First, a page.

Crude oil prices extended their losing streak today as worries about once again rising global inventories frosted hopes that global supply is returning to normal. In the latest clear sign that oil markets continue to be excessively volatile, at the time of writing Brent had slipped to US$55.89 a barrel, from last week’s high of almost US$60, and West Texas Intermediate was trading at US$50.41 a barrel, down from a high of above US$55.
Analysts differ in their opinions on where prices are going. Some, such as Citi’s Ed Morse, remain bullish, arguing that the commodity’s fundamentals support a price rise and the dip we have seen over the last two days is a temporary matter driven by profit-taking. As a result, Citi’s fourth-quarter WTI forecast is US$54 a barrel.
Others, however, such as Jonathan Barratt, chief investment officer of Ayers Alliance, note that the end of driving season usually signals a slump in fuel demand in the northern hemisphere, which naturally weighs on prices.
Historical data support the bearish sentiment: a CNBC study using a hedge fund analytics tool revealed that over the last 25 years, the fourth-quarter performance of WTI has been negative more than half the time, with average quarterly returns over the period at a negative 7.5 percent. The factors determining this slack performance include refinery maintenance season in the U.S. as well as the decreased demand for gasoline, distillates, and heating oil. Demand for the latter two only picks up later in the year when winter sets in. Related: This Giant Oil Trader Sees Upside For Oil Prices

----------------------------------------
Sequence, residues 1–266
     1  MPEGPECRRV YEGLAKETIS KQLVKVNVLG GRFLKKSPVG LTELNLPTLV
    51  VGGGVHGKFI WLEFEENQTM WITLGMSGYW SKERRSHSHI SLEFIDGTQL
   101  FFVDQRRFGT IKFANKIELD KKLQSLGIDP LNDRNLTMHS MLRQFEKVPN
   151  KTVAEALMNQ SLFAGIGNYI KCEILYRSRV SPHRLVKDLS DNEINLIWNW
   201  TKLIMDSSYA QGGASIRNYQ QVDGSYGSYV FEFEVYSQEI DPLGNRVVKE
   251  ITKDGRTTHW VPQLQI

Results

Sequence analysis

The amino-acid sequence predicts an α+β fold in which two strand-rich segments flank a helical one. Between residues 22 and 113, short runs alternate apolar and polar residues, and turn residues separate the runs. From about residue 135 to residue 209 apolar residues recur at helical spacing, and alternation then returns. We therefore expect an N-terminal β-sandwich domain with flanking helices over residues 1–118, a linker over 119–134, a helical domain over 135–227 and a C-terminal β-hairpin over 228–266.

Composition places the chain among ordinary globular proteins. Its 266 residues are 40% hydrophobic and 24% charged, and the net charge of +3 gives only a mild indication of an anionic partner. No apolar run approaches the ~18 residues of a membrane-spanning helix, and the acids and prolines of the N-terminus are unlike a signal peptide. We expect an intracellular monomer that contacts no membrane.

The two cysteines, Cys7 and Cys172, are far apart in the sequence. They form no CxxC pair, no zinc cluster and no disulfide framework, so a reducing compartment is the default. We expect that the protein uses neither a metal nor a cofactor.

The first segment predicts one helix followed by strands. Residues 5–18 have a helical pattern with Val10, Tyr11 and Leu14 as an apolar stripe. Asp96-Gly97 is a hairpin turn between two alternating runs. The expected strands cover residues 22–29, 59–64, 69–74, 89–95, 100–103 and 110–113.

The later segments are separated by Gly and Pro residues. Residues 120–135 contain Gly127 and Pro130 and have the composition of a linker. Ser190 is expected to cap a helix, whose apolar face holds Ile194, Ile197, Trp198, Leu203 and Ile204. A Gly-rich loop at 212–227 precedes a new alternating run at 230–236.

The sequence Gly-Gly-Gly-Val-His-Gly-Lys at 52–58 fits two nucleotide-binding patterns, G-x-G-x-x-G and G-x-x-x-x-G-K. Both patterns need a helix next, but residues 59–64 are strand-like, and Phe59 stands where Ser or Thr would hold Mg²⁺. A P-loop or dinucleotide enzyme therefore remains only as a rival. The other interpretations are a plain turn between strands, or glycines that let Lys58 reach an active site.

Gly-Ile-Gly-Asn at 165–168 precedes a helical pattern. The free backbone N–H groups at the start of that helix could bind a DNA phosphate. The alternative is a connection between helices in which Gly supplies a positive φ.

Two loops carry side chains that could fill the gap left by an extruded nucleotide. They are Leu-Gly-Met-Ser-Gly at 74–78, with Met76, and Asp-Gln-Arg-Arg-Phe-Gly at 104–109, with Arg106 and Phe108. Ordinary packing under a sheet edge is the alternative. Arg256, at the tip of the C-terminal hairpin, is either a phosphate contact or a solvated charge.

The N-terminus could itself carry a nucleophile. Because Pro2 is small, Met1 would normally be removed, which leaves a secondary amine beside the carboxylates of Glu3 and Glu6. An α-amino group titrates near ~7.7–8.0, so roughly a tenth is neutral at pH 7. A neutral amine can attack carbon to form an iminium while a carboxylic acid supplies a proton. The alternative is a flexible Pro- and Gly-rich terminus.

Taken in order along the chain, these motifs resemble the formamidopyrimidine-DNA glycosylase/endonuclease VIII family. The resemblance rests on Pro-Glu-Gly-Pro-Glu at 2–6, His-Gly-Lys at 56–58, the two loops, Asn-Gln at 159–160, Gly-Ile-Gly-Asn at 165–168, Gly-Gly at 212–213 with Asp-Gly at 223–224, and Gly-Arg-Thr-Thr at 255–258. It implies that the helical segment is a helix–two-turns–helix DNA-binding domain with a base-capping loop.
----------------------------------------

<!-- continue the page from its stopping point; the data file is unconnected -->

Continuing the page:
Last week, the bullish outlook was supported by reports from OPEC about improving compliance rates—in August—along with Turkey’s threat to shut down the 500,000-bpd pipeline carrying Kurdish oil to Ceyhan – a threat that Erdogan has for now decided to not go through with. The geopolitical crisis, along with OPEC’s reported compliance increase, were last week’s catalysts, but both are now obsolete as fresh production data for OPEC is available, and Turkey’s threats look like a remote possibility.
Yesterday, Bloomberg survey that showed that OPEC members’ September production had risen by 120,000 bpd—a fundamental that drove prices lower.
While fundamentals seem to be driving prices downward, geopolitical news—whether events or reports of things that may happen—along with OPEC chatter and analyst forecasts, seem to be working to lift prices in between actual supply and demand data.
By Irina Slav for Oilprice.com
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